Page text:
It is no longer reasonable to argue that evidence of earlier settlements is “missing” or archaeologically invisible through sampling or taphonomic problems [Discussion in (4)], or that particular radiocarbon dates upon specifically unidentified samples, or samples with weak stratigraphic connections to cultural remains make a case for earlier ages of colonization (9, 10).
During the last prehistoric expansion of modern humans, Polynesians from the Samoa-Tonga area dispersed through more than 500 remote, subtropical to subantarctic islands of East Polynesia (a cultural region encompassing the islands of New Zealand, Chathams, Auckland, Norfolk, Kermadecs, Societies, Cooks, Australs, Gambier, Tuamotu, Marquesas, Line, Rapa Nui, and Hawaii), an oceanic region the size of North America (Fig. The timing and sequence of this expansion, debated vigorously since Europeans rediscovered the islands of East Polynesia (1, 2) and most intensively with the advent of radiocarbon dating (3, 4), remains unresolved. 600–950 in the central, northern, and eastern archipelagos, and no earlier than A. Subsequent studies using precise AMS dating of short-lived materials alone have generally supported short chronologies (4, 6–8).
On many islands, irreconcilable long and short settlement chronologies coexist that vary by more than 400–1,000 y (4). The last systematic analysis of radiocarbon dates from archaeological and paleoecological sites throughout East Polynesia, published 17 y ago, was based on 147 radiocarbon dates (5). However, these chronologies continue to be dismissed by some scholars (9, 10) on hypothetical grounds of missing evidence or archaeological invisibility, and in favor of radiocarbon dates on materials (typically unidentified charcoal with high inbuilt age potential) incapable of providing a precise age for the event being dated.
Here accuracy is defined based on those samples that can provide a date that is the “true” age of the sample within the statistical limits of the date.
Precision is controlled by small laboratory measurement and calibration errors.
More radiocarbon dating of short-lived materials from islands lacking enough Class 1 dates for robust chronologies (Gambier, Tuamotus, Australs, Northern Cooks, Kermadec, Norfolk, and Chathams; Fig. In addition, closer scrutiny of dates at the older end of the Class 1 age ranges may also increase the precision of estimates for initial colonization.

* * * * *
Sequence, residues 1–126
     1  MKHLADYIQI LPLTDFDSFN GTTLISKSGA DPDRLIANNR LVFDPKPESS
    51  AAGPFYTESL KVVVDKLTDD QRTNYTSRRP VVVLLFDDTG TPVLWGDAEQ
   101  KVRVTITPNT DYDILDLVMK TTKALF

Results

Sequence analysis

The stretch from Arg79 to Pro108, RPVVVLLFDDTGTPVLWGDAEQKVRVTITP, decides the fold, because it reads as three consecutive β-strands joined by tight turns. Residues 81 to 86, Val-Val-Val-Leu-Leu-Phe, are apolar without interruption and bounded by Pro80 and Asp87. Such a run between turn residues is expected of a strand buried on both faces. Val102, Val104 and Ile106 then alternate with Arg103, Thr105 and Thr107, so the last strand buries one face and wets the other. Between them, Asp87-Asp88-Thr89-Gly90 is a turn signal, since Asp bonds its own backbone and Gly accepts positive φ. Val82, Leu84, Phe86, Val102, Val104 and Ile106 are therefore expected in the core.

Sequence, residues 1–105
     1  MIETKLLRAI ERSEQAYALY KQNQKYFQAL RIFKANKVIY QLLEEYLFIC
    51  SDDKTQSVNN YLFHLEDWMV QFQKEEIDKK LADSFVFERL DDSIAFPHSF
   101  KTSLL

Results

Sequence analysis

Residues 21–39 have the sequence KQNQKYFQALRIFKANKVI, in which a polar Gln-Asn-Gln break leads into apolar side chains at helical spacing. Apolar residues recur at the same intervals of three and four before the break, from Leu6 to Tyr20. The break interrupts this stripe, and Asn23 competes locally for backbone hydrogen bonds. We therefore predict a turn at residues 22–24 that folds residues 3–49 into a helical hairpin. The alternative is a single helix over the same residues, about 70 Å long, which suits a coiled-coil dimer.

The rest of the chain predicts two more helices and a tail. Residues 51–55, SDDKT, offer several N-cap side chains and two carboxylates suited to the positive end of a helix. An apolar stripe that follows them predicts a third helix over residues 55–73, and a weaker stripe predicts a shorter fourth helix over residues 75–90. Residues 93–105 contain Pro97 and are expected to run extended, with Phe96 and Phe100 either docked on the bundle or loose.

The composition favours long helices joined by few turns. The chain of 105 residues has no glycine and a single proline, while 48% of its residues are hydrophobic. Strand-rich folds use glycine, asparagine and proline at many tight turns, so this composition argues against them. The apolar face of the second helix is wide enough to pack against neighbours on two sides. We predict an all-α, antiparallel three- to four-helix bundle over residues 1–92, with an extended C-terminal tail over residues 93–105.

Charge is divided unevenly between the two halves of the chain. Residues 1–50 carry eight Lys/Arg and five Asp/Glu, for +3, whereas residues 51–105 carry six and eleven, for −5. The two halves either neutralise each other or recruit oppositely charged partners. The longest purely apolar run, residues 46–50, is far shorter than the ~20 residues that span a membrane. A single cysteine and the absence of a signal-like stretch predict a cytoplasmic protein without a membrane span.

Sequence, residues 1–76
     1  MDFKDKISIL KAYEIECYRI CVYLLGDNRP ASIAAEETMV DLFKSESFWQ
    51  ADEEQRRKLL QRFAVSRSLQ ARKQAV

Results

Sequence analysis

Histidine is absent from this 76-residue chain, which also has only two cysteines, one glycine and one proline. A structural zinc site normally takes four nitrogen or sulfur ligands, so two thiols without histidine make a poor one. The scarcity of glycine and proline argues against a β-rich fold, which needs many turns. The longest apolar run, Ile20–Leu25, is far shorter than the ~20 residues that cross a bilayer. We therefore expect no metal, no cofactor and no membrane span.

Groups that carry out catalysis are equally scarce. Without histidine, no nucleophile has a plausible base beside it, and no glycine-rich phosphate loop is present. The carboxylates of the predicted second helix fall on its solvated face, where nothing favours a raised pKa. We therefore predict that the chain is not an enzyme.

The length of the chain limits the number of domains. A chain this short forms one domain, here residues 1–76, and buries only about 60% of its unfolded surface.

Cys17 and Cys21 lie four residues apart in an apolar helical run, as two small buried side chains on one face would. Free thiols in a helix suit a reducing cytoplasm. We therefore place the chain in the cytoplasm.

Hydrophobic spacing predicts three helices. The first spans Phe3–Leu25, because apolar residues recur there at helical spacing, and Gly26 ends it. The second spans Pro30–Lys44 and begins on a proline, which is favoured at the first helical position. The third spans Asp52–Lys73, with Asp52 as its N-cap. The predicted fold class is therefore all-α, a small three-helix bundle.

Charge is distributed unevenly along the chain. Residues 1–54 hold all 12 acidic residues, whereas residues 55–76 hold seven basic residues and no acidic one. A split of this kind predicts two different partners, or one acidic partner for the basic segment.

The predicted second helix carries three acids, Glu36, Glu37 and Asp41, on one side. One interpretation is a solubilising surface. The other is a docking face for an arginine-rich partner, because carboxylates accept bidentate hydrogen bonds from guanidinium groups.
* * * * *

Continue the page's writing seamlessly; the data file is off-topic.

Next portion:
For example, some of the oldest dates for the Auckland Islands are based on small-diameter (2-cm) wood from long-lived trees (), which, despite the size of twigs, may still contain inbuilt age and create an artificial tail to the probability distributions (19).That is, to accept only those dates that () are capable of providing a calibration that is close to the “true” age of the actual target event (i.e., human activity).One approach is to evaluate dates within their individual and comparative stratigraphic levels according to criteria of “chronometric hygiene” (11, 12) and build from those results toward a regional overview; but this method can be subjective, and it is impractical when dealing with very large databases, as is the case here.These conflicting chronologies preclude establishment of a regional pattern of settlement and hinder our understanding of cultural change and ecological impacts on these island ecosystems. Islands of East Polynesia, summarizing the two phases of migration out of West Polynesia (blue shading): first to the Society Islands (and possibly as far as Gambier) between A. ∼10 (orange shading), and second to the remote islands between A. It used a “chronometric hygiene” protocol to exclude dates with high uncertainty and to provide a chronology that proposed initial settlement A. Conflicting estimates for initial colonization in East Polynesia create great uncertainty about the historical framework within which human mobility and colonization, variations in human biology and demography, and the rates and types of human-induced ecological impacts to island ecosystems must be explained.Islands of East Polynesia, summarizing the two phases of migration out of West Polynesia (blue shading): first to the Society Islands (and possibly as far as Gambier) between A. ∼10 (orange shading), and second to the remote islands between A. As the number of radiocarbon dates from East Polynesia has increased 10-fold over those available in 1993 (5), an attempt to resolve the frustrating problem of colonization chronology for the region is now opportune.We first categorized all radiocarbon-dated materials into one of six sample material types: short-lived plant, long-lived plant, unidentified charcoal, terrestrial bird eggshell, bone, and marine shell (Fig. Dates on these materials were then sorted into reliability classes, according to whether there was potential for any disparity between the age of the radiocarbon event (i.e., Fig. Calibration probabilities were then calculated for the subset of reliable dates to derive the most precise (within radiocarbon calibration error) estimate for the age of initial colonization on all East Polynesian island groups (Chronometric range (68% probability) of calibrated radiocarbon dates for East Polynesian islands, for reliability Classes 1–3 as defined in Materials and Methods.